Thursday, February 19, 2009


From Understanding Power, courtesy of This Modern World:

Incidentally, I think there is another reason why a lot of powerful people were out to get Nixon at that time-and it had to do with something a lot more profound than the Enemies List and the Watergate burglary. I suspect it had to do with the events of the summer of 1971, when the Nixon administration basically broke up the international economic arrangement that had existed for the previous twenty-five years [i.e. the so-called "Bretton Woods" system, established in 1944 at the United Nations Monetary and Financial Conference at Bretton Woods, New Hampshire]. See, by 1971 the Vietnam War had already badly weakened the United States economically relative to its industrial rivals, and one of the ways the Nixon administration reacted to that was by simply tearing apart the Bretton Woods system, which had been set up to organize the world economy after World War II. The Bretton Woods system had made the United States the world's banker, basically-it had established the U.S. dollar as a global reserve currency fixed to gold, and it imposed conditions about no import quotas, and so on. And Nixon just tore the whole thing to shreds: he went off the gold standard, he stopped the convertibility of the dollar, he raised import duties. No other country would have had the power to do that, but Nixon did it, and that made him a lot of powerful enemies-because multinational corporations and international banks relied on that system, and they did not like it being broken down. So if you look back, you'll find that Nixon was being attacked in places like the Wall Street Journal at the time, and I suspect that from that point on there were plenty of powerful people out to get him. Watergate just offered an opportunity.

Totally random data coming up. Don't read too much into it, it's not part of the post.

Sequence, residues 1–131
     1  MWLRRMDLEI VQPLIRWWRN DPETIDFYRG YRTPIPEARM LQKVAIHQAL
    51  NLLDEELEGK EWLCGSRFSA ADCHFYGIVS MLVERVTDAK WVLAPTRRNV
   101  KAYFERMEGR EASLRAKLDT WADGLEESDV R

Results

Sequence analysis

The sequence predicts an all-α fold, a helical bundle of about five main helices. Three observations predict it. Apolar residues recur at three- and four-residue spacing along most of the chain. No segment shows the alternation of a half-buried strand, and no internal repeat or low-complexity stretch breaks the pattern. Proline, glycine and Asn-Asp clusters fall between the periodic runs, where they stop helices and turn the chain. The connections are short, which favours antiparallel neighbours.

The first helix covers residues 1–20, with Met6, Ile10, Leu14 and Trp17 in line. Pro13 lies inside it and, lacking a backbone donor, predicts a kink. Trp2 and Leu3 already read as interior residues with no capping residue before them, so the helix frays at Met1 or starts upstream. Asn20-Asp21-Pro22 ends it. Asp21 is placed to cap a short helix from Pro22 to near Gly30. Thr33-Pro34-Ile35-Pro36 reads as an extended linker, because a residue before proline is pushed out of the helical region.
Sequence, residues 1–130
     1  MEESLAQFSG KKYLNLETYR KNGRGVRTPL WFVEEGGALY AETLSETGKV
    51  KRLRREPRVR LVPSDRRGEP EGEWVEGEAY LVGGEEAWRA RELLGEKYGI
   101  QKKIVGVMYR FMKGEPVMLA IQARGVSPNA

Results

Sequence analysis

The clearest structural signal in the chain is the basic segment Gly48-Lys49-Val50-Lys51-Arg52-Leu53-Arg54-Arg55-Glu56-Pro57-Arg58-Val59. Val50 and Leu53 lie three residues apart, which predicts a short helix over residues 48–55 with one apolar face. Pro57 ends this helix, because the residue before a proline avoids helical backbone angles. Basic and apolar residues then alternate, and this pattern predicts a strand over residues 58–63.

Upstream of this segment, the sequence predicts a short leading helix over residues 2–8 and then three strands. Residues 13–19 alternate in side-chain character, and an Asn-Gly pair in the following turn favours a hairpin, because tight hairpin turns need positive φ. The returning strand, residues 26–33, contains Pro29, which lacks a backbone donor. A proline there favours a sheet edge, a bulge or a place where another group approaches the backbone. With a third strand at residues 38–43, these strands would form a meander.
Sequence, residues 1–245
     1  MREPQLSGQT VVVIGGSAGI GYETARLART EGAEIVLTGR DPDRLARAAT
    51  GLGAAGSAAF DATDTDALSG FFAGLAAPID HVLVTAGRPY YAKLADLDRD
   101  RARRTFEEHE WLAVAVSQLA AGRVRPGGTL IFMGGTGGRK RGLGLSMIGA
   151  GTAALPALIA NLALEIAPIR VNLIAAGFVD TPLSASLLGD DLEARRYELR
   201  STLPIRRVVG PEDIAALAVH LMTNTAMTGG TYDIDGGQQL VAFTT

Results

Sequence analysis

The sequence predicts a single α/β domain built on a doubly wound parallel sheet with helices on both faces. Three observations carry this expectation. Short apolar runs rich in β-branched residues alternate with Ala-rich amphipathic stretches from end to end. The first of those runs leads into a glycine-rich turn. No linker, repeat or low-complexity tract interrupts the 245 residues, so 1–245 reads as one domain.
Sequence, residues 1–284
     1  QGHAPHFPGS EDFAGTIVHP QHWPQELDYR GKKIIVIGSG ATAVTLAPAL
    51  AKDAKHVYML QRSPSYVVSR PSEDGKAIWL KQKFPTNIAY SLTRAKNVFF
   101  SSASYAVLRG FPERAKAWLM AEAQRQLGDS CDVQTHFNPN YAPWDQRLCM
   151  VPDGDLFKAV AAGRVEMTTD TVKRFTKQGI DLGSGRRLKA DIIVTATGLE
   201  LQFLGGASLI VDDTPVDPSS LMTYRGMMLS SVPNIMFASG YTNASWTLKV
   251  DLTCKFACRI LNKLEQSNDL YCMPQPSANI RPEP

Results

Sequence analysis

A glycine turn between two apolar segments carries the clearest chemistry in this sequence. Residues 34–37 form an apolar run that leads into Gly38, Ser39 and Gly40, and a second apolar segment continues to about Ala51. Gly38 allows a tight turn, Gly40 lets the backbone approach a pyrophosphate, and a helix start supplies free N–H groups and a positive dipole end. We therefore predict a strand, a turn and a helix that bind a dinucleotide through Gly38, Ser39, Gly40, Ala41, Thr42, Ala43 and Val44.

Much much much more here.

Chomsky then goes on to observe that, when compared to LBJ, JFK, Eisenhower and other US presidents, Watergate was fairly tame, all things considered--I mean, it's not that Nixon wasn't worthy of impeachment or anything like that - his real crimes, like the bombing of Cambodia, go beyond the pale - but Watergate, as a crime, wasn't really worth removing a legally elected president.

Anyway, this is a GREAT book. It really affected how I, well, understand power. And it's all over the place, the Middle East, capitalism and socialism, intellectualism and universities, democracy, the news media, you name it. Easy to read, too: the text is taken from countless interviews, so the language is less dense than when you have the old linguistics professor sitting at his typewriter. It's also good for piecemeal reading, lots of short essays. In its totality, you get a really good sense for how Chomsky analyzes politics and culture, which is something you definitely don't get in college civics classes.

And now the whole book is online. I HIGHLY recommend it, even if you just sort of scan through and read what seems interesting. Even if you disagree with everything you read, you'll be better off for understanding some real leftist thinking, not that drivel the media passes off as "liberal."

Go read it now!